Japan, EU Take on China With Call for Peace in Taiwan Strait

The leaders of Japan and the European Union institutions referred to the importance of peace and stability in the Taiwan Strait in a joint statement following a virtual summit, a move indicating their concern over China’s assertive push in regional affairs.

Japanese Prime Minister Yoshihide Suga held a video conference Thursday with European Commission President Ursula von der Leyen and EU Council chief Charles Michel and later issued a statement that also said the leaders remained “seriously concerned about the situation in the East and South China Seas,” where Beijing has been projecting its naval might.

“We underscore the importance of peace and stability across the Taiwan Strait, and encourage the peaceful resolution of cross-Strait issues,” according to the statement. The reference to Taiwan was the first in a statement from the leaders, the Yomiuri newspaper reported Thursday, citing several unidentified Japanese government sources.

It follows similar wording in a joint statement issued after Suga met U.S. President Joe Biden last month, which sparked criticism from Beijing.

Japan, EU Take on China With Call for Peace in Taiwan Strait

China sees Taiwan as part of its territory, and tensions between the two have worsened in recent months as Chinese military forces ratcheted up exercises in the area, raising the risk of a conflict that could draw in the U.S.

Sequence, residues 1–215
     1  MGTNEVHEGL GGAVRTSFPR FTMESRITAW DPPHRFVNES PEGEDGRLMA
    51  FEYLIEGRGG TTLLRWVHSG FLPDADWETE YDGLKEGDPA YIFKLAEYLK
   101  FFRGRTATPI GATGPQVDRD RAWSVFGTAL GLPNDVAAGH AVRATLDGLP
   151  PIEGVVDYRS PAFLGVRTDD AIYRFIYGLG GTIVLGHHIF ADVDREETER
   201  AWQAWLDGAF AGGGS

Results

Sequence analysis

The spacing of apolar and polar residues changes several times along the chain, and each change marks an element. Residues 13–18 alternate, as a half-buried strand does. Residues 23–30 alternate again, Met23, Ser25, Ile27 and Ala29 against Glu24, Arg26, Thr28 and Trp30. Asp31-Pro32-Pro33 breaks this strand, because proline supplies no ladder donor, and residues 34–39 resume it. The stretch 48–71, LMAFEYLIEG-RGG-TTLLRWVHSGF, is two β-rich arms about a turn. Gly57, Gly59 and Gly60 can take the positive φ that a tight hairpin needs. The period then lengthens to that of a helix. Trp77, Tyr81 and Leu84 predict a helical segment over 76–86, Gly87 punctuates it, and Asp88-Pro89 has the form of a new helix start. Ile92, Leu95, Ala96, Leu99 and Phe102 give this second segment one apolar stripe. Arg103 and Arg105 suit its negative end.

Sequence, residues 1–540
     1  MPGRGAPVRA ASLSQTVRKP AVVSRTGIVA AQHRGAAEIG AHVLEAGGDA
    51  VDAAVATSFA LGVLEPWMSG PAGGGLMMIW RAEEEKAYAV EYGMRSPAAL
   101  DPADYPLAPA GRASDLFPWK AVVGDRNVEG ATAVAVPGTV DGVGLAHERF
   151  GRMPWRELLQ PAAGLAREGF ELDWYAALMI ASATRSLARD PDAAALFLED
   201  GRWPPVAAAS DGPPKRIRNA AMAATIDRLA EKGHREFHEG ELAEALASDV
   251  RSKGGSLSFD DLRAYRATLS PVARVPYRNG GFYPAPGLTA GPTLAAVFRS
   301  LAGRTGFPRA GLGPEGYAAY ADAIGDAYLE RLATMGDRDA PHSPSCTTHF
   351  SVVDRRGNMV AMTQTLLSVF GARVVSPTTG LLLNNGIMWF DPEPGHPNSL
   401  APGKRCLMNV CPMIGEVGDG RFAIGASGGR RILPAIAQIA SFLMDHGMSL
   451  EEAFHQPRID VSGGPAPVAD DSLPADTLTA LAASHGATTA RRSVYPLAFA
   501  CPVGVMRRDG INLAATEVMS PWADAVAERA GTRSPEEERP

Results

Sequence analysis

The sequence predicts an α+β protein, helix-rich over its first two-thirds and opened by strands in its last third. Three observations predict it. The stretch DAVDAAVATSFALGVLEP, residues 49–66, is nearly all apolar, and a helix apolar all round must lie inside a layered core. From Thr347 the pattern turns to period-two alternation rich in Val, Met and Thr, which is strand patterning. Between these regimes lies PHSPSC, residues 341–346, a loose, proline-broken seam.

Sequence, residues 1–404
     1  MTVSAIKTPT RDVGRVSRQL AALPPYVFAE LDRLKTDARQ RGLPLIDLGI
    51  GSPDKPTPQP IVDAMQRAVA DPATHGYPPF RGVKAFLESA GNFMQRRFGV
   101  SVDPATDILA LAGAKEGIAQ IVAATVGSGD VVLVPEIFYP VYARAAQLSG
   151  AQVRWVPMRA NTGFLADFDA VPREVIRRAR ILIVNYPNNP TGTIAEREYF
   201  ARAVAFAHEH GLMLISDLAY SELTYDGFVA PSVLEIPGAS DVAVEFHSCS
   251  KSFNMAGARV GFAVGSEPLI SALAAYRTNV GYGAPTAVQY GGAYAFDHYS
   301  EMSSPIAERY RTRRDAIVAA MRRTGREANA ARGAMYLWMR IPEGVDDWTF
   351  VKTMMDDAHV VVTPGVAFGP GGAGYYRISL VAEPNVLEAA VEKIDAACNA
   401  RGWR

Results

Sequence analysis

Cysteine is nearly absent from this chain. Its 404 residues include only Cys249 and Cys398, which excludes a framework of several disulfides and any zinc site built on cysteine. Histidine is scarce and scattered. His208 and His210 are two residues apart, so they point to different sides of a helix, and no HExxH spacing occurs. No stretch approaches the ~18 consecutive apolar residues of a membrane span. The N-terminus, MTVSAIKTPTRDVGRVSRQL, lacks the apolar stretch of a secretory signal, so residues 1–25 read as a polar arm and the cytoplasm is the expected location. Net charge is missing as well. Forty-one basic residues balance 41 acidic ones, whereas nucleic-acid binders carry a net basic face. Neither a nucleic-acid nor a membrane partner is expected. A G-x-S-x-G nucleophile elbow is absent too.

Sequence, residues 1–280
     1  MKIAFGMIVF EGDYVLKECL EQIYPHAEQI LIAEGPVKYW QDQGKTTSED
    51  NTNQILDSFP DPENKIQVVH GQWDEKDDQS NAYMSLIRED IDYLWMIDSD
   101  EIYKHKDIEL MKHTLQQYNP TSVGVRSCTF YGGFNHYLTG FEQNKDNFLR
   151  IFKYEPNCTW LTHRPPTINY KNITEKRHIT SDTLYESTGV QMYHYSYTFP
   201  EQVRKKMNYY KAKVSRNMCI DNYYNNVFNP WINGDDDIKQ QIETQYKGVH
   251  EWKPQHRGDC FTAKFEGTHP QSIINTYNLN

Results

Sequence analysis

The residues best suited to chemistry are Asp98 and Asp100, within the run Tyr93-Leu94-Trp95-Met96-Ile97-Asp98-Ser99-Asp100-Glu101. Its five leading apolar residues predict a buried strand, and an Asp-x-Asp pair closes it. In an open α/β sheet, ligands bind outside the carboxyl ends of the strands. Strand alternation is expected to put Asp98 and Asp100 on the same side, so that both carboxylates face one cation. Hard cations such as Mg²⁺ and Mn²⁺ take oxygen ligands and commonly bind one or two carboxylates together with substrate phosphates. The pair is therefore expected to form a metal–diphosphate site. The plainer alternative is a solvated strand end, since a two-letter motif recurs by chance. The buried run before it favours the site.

The meeting comes as several European countries seek more involvement in the security of the Asia-Pacific region, a key to global economic growth. French troops took part in an exercise with Japan and the U.S. on Japanese soil for the first time earlier this month, while Germany is expected to deploy a frigate to Asia later in the year.

The U.K. is also sending its new aircraft carrier, the Queen Elizabeth, on a tour including stops in Japan and South Korea, as part of its maiden voyage.

Although the Chinese Communist Party has never ruled Taiwan, it views control over the island as essential to completing its goal of reversing China’s “century of humiliation” by colonial powers. President Xi Jinping has shown an increased willingness to assert such sovereignty claims from the South China Sea to the Himalayan Plateau and Hong Kong, where China has cracked down on opposition and imposed strict security laws following pro-democracy protests.

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